21 June - Design
How to create better products by embracing design
6 mins read
I’ve been working in tech for the last 25 years. After a long journey climbing the corporate ladder, I co-founded Pismo 5 years ago.
Among the challenges of starting a company from scratch, such as ideation, prototypes, discussions, business plans (and more discussions), the freedom to choose the technology stack was the most fun part.
People ask me how and why we’ve chosen Pismo’s tech stack, but the truth is that it’s as much an art as it’s a science. The decision must consider the company’s stage and, more importantly, some aspects of the business that are must-haves.
Our dream was ambitious from day one. We were convinced that we would unleash a new era of payments, delivering the most reliable, innovative, and comprehensive infrastructure for payments in the world.
That meant replacing 60-year-old legacy systems (most of them written in Cobol) with a set of microservices hosted in public clouds. We would provide services for large banks stuck in ancient systems that struggle to offer their customers new features.
A huge responsibility! As of 2018, those systems were still responsible for processing 80% of financial transactions. Although they were taking far too long to deliver modern products and features, they were very stable systems for fulfilling their intended role.
Core processing is a highly sensitive service. A flawed bank statement is not the same as an ill-suited movie recommendation.
People can get a little upset by interruptions in their favorite streaming services. However, they will be infuriated by any instabilities in their chosen payment method when buying something.
We must guarantee security, availability, and scalability.
(A parenthesis on Pismo’s co-founders’ backgrounds: we’re a team of second-time entrepreneurs with a combined 80 years of payment processing experience. We’ve had the unique privilege of building a payments platform from scratch — twice!)
Most of the players in the payments industry look more like BPO companies than tech businesses. Under the hood, you can find not only tons of old lines of code but also lots of human interventions to keep systems up and running.
We were out to change all this! Our platform would have to be cloud-native, batchless, highly automated, distributed, and renewable (the last one to guarantee that we wouldn’t become museum pieces, but that can be a topic for another blog post).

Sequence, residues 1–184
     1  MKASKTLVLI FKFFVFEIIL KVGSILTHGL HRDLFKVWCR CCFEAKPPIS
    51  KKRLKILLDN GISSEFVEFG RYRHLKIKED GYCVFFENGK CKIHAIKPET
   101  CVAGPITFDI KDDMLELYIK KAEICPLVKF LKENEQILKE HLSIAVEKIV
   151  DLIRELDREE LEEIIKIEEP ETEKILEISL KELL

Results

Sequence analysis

In 2016, Pismo’s co-founders bootstrapped the company, so we didn’t have a team to operate infrastructure services. I was responsible for architecture and infrastructure, and Marcelo, one of my partners, was the software engineer in charge of the MVP.
Given the resources, we needed to make intelligent decisions about the tools, always keeping in mind the big picture and the desired architecture:
Public cloud provider (because I’m too old to pet on-premise servers again): AWS.
Programming languages: Groovy (and vertx.io) and Golang (because we need high throughput). Actually, by the time we were looking for seed investment, we built the MVP in Ruby but rewrote it in Groovy for production.
Databases: RDS, DynamoDB, Redis – We chose the databases carefully, considering the service’s scope and purpose.
Additional managed services: SQS, SNS, Lambda, Kinesis, and many others.
At some point, with a bigger and highly specialized team, we started managing some services internally. And, after a short period of deploying our services on Kubernetes, we have adopted Istio service mesh since version 1.0.
At this point, the stack is not the same anymore. We have a multi-cloud platform operating on top of AWS and GCP. We’re adopting a distributed database, and we’ve been using Kubernetes and Istio service mesh for a long time.
When choosing your tech stack, pay attention to the resources available and the outcome of your project — even if you take baby steps, at least you’ll head in the right direction. Try not to put into the equation problems that you will be able to handle in the future (when you have more resources and a bigger team), and, most importantly, have fun 🙂 .